Volvo offers just the one engine in the XC90: a five-cylinder, 2.4-litre turbodiesel. The old-fashioned oil-burner produces 197bhp at 3900rpm and 309lb ft from 2000-2750rpm.
Dig deep and this Volvo will move along at a reasonable enough pace, but it’s still more sedate than the latest premium diesel 4x4s. Predictably, much more modern – and powerful - six-cylinder units in the BMW X5 and Mercedes-Benz M-Class comprehensively outperform the XC90.
On the motorway, the XC90 will sit around the legal limit and have sufficient power in reserve to overtake safely and maintain speed up any gradient. But accelerating beyond these speeds is always a struggle, the XC90’s bluff shape making the shift from 70-90mph a slow and laborious process. It takes roughly twice the time to get from 70-90mph as it does from 40-60mph.
The six-speed automatic gearbox suits the engine’s character well: slow and steady. It’s also been recently reconfigured so that it doesn’t feel like it takes such an eon to do a simple task such as pulling away from a roundabout or traffic lights.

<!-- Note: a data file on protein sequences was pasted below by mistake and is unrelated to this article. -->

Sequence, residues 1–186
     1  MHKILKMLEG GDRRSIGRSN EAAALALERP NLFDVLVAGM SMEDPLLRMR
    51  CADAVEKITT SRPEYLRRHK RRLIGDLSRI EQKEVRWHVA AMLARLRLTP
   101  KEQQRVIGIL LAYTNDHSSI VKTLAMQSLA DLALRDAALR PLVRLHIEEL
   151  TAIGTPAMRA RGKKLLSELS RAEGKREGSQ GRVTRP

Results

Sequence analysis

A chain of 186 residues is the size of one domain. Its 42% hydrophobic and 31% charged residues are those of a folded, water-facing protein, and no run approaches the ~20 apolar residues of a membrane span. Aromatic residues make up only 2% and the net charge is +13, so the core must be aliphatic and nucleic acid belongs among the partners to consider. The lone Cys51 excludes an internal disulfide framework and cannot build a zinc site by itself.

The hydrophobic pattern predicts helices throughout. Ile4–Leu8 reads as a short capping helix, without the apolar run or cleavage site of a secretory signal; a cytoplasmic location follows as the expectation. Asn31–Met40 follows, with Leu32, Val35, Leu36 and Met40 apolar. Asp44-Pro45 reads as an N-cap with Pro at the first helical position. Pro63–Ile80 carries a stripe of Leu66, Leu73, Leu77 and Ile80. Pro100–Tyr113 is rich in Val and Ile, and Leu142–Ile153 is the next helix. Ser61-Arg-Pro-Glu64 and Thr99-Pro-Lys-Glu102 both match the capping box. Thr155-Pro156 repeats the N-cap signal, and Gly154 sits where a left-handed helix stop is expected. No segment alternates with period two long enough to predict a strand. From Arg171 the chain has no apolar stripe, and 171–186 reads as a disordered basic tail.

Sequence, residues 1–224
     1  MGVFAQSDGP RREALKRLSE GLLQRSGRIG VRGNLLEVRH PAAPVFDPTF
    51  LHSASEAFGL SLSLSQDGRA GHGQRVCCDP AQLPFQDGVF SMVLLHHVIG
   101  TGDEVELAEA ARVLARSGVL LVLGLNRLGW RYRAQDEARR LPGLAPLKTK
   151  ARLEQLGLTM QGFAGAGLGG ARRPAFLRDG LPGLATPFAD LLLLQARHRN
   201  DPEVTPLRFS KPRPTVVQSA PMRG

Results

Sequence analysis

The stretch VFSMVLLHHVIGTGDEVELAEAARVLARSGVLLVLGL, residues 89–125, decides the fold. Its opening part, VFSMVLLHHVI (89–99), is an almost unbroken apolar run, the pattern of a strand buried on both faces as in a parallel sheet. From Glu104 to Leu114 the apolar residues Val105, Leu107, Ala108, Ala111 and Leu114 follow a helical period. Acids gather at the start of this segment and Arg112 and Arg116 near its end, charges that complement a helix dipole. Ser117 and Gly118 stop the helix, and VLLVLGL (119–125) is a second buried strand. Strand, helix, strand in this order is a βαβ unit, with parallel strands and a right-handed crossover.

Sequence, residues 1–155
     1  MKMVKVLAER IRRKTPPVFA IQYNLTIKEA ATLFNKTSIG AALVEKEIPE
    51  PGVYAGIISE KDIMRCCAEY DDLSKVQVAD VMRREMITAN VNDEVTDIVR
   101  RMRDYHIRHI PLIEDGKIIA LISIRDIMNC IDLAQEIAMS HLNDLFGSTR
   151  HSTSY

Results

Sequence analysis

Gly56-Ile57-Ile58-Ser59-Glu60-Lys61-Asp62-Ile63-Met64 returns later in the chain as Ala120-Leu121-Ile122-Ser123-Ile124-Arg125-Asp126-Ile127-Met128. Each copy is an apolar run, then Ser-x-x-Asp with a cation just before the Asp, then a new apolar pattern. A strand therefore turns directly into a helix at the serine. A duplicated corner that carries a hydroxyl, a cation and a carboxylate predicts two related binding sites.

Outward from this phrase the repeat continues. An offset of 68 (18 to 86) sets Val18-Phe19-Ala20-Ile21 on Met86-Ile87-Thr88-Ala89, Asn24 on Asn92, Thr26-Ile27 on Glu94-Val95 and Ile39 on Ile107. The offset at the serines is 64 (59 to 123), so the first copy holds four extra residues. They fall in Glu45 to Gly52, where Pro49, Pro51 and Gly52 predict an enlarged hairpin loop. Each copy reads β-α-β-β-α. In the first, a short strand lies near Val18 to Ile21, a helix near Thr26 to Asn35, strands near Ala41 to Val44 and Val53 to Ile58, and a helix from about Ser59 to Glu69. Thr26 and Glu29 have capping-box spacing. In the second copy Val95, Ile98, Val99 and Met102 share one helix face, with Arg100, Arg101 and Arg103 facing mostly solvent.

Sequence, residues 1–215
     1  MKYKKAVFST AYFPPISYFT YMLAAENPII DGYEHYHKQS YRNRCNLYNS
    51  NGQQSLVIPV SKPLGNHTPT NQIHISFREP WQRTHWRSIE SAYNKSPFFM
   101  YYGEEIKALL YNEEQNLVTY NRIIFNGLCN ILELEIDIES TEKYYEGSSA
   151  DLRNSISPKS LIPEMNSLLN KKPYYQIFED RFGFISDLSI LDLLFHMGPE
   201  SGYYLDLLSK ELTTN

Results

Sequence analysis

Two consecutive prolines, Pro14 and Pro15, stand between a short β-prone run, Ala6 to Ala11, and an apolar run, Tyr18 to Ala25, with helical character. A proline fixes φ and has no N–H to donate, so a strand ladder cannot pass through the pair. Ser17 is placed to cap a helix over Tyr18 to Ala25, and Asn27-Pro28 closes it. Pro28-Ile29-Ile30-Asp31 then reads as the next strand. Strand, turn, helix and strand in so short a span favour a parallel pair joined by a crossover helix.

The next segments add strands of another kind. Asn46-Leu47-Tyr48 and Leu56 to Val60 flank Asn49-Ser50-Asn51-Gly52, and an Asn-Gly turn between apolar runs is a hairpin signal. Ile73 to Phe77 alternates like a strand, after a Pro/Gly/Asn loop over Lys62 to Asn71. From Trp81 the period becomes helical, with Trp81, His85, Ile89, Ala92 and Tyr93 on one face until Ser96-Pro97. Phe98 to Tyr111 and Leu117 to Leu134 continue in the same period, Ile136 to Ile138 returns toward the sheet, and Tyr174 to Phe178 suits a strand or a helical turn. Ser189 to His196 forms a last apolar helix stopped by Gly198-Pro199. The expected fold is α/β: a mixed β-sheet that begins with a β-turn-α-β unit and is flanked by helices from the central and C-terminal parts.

Full-throttle upshifts are slick and downchanges well judged, often relying on the engine’s torque for smoother progress. A manual mode allows each gear to be held right through to the rev limiter.
The XC90 can crack 0-60mph in 9.7sec and go on to reach a top speed of 127mph. A manual option used to be offered to counter the rather lazy performance of the automatic, but, along with the petrol engines, it is now confined to the used market.
Braking performance is excellent, stopping power coming from disc brakes all round.